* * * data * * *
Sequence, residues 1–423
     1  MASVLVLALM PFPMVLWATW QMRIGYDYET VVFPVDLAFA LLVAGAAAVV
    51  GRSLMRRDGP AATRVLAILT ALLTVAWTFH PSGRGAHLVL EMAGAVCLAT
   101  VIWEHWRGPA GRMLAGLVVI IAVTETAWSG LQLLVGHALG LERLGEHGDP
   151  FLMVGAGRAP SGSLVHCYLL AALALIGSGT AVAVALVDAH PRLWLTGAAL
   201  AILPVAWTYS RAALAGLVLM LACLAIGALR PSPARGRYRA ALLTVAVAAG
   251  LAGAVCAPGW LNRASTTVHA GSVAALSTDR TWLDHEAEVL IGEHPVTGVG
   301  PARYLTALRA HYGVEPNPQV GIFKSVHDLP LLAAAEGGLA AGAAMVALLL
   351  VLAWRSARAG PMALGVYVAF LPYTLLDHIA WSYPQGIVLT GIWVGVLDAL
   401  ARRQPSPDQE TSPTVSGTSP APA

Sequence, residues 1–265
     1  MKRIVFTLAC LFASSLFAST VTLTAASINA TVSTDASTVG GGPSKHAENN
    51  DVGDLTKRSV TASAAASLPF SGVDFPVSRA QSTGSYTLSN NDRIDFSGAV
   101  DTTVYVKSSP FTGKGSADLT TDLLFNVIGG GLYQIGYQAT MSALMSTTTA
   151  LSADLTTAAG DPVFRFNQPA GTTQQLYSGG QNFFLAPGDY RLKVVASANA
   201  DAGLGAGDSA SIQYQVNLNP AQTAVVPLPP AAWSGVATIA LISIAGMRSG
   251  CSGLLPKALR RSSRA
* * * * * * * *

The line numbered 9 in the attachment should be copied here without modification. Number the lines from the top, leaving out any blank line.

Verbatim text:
   351  VLAWRSARAG PMALGVYVAF LPYTLLDHIA WSYPQGIVLT GIWVGVLDAL